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Windstar's Delaney on 2018's strength, the appeal of new routes and magic Manila days

(Photo: Windstar Cruises)
Windstar president John Delaney greets a crew member's family during their ship visit in Manila. He called it 'a magic day'
Windstar Cruises began 2018 with bookings up 40%, following a 'real turn-around year,' president John Delaney said, when 2017 occupancy rose seven points and yields were higher.

2018 brings more diverse destinations with Windstar's return to Alaska for the first time in more than two decades, its first Canada/New England cruises and new Asia voyages including the first featuring the Philippines. In all, 150 ports have been added.

All this came after Delaney responded to Yacht Club members (Windstar alumni) clamoring for new places to go. He took the Windstar helm in mid-2016, just after Star Pride had re-entered service from an upgrade/repairs following its December 2015 grounding. 2016 was a 'tough year,' Delaney said, when the entire cruise industry was impacted by geopolitical issues in Europe.

2018 is looking dramatically different.

People are gravitating to Windstar's new Asia itineraries. The Japan program sold out nine months in advance. The new Canada/New England cruises are popular, especially those that turn in New York, and the season is already 80% booked, months out.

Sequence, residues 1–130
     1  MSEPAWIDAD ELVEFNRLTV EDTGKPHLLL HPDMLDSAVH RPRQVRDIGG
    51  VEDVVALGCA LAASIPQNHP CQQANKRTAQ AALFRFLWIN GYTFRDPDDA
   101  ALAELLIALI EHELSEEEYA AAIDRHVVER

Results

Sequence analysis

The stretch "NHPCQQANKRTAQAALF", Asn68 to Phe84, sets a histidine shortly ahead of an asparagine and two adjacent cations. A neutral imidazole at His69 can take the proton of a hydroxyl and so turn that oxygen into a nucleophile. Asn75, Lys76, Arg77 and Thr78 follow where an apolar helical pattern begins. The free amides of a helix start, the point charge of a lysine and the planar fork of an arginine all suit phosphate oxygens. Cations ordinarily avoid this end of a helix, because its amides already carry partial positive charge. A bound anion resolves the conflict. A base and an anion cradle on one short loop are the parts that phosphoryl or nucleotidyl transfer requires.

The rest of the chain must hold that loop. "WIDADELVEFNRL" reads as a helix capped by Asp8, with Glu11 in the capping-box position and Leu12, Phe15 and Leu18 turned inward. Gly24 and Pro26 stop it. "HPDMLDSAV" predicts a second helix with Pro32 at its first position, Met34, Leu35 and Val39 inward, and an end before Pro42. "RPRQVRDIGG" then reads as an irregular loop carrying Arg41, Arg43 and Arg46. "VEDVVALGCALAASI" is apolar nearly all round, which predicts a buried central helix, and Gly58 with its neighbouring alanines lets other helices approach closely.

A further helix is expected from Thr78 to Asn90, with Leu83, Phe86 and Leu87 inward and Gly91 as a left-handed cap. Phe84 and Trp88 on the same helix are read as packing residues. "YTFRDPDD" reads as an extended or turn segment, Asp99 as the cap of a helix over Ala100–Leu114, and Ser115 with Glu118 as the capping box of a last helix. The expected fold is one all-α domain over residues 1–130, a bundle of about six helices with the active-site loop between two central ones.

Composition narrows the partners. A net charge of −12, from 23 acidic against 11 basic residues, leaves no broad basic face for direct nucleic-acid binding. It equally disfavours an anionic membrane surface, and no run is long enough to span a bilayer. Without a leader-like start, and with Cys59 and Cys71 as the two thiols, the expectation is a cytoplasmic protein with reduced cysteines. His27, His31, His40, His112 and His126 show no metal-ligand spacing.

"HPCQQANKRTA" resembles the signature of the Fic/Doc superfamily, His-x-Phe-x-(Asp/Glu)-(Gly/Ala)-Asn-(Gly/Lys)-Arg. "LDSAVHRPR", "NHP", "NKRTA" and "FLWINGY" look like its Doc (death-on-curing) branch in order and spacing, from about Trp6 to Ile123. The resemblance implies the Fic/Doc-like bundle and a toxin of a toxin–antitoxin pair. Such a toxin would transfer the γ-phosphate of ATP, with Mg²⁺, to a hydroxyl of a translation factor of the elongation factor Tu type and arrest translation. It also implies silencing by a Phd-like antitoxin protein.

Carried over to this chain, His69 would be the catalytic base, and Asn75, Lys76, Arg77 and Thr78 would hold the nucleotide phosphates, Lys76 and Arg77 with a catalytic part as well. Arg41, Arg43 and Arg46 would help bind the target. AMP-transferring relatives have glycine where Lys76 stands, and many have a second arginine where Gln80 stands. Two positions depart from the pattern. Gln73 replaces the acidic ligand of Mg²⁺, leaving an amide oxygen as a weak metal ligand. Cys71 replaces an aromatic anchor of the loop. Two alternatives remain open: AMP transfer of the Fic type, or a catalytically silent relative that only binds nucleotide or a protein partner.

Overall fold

As well, the Alaska program is 'very, very successful. Because it's a new destination—Windstar hasn't been in over 20 years—our Yacht Club members have just jumped all over it,' Delaney said. Offering some longer, 14-day itineraries was 'a little risky,' he acknowledged, however the extra time affords what people want: an in-depth exploration.

'We'll visit the nooks and crannies of the Inside Passage like Grenville Channel and anchor deep up in Misty Fjords National Monument and Kenai Fjords National Park,' Delaney said.

Alaska sees the launch of Signature Expeditions, which feature optional kayak, small boat and small group hikes led by naturalists. There has been 'very strong demand' for those, and Windstar plans to taken them worldwide, where they make sense—places like Iceland, the Norwegian Fjords and parts of Asia.

With the US Coast Guard's recent confirmation that the use of tenders and Zodiacs from foreign-flag ships for excursions violates coastwise trading rules, lines including Windstar will employ third-party boats in Alaska, instead of Zodiacs.

Signature Expeditions are for purchase, however Delaney noted the 212-passenger Star Legend is small enough to give everyone a close-up destination experience even if they don't buy a tour. In Misty Fjords, for example, a park ranger will be aboard to share insights, supplementing the ship's expert expedition team.

Plus, four cruise-tours featuring Denali will be unveiled this week, giving travelers the chance to combine their sailing with a land adventure in programs ranging from 15 to 20 days.